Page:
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Tuesday, January 18, 2022

Leeds teacher wins award for work in Bradford school

A teacher who has spent half her career so far teaching during a pandemic has won a top award.

A teacher from Leeds has won the 2021 Award for Outstanding New Teacher of the Year by Pearson National Teaching Awards.

Zainab Ali, 25, from Leeds has been teaching for the past four years, three of them at her current school Co-op Academy Grange.

Miss Ali who completed her undergraduate degree from the University of Leeds in 2017 with a degree in Philosophy, Ethics, and Religion, and then graduated from Leeds Trinity University with a PGCE degree in secondary RE at Leeds Trinity University teaches religious education and citizenship to children in year seven to eleven.

Miss Ali teaches at Co-op Academy Grange.

Miss Ali who has spent half of her career teaching in a pandemic said: “Teaching during the last two years has been incredible. It wasn’t easy at first, it was challenging. It wasn’t just teachers getting used to online systems and remote learning but students as well getting used to it.

“I commend every teacher for their efforts during the pandemic. Teachers who have delivered laptops to students, teachers who did home visits, daily or weekly phone calls, and of course teaching virtually so education wasn’t impacted.

“The students did struggle at first. The school is in an area that has a significant number of disadvantaged students, so it was a challenge at first but there is always an opportunity for resilience and success.”

Miss Ali has known since she was a child that she wanted to become a teacher. She said: “It sounds cliché, but I have always wanted to be a teacher. You hear all the time that teaching is rewarding and that there is no career like it, but it genuinely is the case.

“I love the interactions with students, I love seeing their confidence grow, and I love seeing them overcome challenges that life throws with them.

Miss Ali graduated from Leeds University in 2017 and Leeds Trinity in 2018.

“let’s be honest, it is not really about the money with teaching, it is the opportunity to bring about meaningful change. It is about creating successful futures for our children and I wouldn’t have it any other way.”

The best thing about teaching is that “no day is the same”, she says. “It is difficult to pick what is my favourite aspect of teaching. One example is that every day is different and every day there is something to smile about. Seeing children overcome challenges in their daily life is so rewarding.”

During Ramadan, the young teacher put together a ‘daily act of kindness’ calendar to promote compassion and positivity. She said: “One part of teaching is of course academic success, but the other is preparing our students to be individuals and that calendar was one way of doing that.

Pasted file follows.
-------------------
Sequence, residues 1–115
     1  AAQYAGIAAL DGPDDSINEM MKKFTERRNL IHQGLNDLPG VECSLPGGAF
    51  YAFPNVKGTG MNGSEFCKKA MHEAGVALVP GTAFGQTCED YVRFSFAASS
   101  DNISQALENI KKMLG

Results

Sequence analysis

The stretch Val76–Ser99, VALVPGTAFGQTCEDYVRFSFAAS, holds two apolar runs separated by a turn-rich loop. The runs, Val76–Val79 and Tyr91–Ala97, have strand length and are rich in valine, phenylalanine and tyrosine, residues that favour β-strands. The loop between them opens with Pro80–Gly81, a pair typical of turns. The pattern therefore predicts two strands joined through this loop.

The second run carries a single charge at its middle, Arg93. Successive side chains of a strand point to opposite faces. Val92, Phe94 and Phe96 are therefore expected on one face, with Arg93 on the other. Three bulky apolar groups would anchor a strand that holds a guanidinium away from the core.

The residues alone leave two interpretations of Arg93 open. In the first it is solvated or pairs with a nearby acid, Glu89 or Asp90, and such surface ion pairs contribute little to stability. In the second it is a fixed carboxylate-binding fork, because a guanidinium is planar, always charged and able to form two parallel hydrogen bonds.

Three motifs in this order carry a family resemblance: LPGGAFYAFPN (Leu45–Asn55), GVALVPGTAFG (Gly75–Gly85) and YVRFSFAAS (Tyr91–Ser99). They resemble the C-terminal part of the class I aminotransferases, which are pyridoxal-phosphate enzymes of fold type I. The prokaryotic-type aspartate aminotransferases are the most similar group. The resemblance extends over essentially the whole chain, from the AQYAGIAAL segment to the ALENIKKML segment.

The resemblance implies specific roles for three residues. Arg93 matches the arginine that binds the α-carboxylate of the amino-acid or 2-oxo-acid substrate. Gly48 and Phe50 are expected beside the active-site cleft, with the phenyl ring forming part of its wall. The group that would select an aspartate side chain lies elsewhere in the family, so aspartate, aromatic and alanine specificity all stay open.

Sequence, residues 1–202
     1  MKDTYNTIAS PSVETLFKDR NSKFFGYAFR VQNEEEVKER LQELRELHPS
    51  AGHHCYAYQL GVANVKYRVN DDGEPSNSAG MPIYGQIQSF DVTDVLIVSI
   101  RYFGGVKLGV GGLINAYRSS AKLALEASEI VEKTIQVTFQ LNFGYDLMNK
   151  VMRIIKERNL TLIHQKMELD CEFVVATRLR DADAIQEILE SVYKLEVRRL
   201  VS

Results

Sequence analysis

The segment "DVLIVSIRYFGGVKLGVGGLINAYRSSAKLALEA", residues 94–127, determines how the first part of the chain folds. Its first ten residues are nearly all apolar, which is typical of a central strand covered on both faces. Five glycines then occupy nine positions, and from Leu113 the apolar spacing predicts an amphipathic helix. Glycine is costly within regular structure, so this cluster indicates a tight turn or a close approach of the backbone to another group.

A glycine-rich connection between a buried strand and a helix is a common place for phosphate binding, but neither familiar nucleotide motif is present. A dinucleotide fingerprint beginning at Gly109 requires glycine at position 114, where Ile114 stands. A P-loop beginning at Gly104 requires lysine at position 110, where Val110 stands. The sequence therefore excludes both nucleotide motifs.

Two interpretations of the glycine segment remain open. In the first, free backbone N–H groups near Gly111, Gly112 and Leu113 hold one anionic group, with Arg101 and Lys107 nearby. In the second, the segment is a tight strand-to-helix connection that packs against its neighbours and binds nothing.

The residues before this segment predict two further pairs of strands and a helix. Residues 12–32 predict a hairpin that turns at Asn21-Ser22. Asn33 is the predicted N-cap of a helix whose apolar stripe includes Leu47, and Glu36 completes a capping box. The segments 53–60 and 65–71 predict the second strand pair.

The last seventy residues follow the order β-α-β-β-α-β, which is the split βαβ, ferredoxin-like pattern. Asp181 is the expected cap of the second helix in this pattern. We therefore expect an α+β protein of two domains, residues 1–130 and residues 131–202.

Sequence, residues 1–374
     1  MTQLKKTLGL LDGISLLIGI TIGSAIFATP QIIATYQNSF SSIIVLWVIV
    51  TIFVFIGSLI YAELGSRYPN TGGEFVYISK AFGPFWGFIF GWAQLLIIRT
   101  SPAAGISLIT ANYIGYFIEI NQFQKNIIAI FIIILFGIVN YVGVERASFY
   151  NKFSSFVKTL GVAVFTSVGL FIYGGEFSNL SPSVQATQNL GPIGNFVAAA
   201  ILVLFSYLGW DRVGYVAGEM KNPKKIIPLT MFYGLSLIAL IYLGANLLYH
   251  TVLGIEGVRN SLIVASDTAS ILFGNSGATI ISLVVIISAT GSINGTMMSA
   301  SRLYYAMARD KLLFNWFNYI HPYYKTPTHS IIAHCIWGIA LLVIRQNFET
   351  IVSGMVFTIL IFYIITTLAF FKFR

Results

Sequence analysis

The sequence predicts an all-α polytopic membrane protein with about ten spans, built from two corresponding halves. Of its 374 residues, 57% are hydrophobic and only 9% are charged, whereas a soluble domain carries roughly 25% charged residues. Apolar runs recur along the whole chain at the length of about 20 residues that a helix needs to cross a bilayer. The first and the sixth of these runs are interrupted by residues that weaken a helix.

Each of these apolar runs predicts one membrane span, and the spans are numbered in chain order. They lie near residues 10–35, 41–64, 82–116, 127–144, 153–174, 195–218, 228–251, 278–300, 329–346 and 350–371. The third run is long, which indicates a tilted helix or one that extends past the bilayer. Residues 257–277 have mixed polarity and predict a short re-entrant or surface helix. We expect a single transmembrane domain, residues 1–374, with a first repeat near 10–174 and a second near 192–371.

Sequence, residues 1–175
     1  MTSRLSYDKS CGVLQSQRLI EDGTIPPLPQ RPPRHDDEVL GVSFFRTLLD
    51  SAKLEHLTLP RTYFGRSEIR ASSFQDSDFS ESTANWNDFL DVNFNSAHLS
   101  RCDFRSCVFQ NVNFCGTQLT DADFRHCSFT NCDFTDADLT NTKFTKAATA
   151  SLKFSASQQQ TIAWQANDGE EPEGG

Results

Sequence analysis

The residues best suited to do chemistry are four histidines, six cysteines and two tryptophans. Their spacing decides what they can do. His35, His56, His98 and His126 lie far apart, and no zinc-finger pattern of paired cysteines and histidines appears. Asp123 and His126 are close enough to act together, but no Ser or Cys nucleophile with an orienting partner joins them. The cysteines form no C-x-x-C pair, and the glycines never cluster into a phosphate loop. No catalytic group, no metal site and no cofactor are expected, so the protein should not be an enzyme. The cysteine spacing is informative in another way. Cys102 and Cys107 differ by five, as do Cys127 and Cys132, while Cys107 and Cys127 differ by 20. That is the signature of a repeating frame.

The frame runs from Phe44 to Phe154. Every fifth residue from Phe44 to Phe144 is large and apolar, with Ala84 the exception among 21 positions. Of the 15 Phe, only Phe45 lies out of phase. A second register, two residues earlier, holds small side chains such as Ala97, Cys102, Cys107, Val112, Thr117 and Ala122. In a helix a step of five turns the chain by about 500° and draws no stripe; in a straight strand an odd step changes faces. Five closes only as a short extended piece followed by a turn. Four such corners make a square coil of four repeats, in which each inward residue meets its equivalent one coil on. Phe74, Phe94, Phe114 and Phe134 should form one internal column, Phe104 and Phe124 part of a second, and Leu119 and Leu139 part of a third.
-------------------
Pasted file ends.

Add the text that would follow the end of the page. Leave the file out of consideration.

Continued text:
“It was about promoting kindness and modelling respect and mutual understanding. Although the calendar was created for the month of Ramadan, the priority of the calendar was kindness, it is such a simple trait but when it is modelled it has lasting impacts.”

Miss Ali’s carries on her grandmother’s strength and legacy each day in her classroom.

Miss Ali’s inspiration comes from the women around her. She added: “I’ve been around confident and ambition women all my life, not just my colleagues but my relatives and my mother as well.”

Miss Ali lost her grandmother to Covid last year. “It was the biggest struggle I’ve ever faced in my life.

“At the time I didn’t think I would return to school but having said that I know hundreds of thousands of families have had to endure that same hardship, including some of my students.

“Seeing their strength and resilience inspires me to continue my grandma’s legacy. I take comfort in that, I take comfort in my faith and trust in God, and that helps me be the best version of myself that I can be.

“She always inspired us and took pride in the success of her grandchildren, always boasting about us and pushing that we should never settle for less and I try and take that same energy every time I walk through my classroom door.”

Speaking about winning the award, Miss Ali said: “Winning the award was a surprise, to say the least. Don’t get me wrong there are thousands of teachers who deserve to win the award as well, but it felt good to be recognised for my work.

“I genuinely felt it wasn’t just my effort that was being recognised but the efforts of my school and colleagues, as they are the ones that have shaped me into becoming the teacher I am today.

“It really is a joint award; it is them who have inspired me. It felt great and I felt like I was representing my community and my family and my grandma, who I think would be proud of me.”

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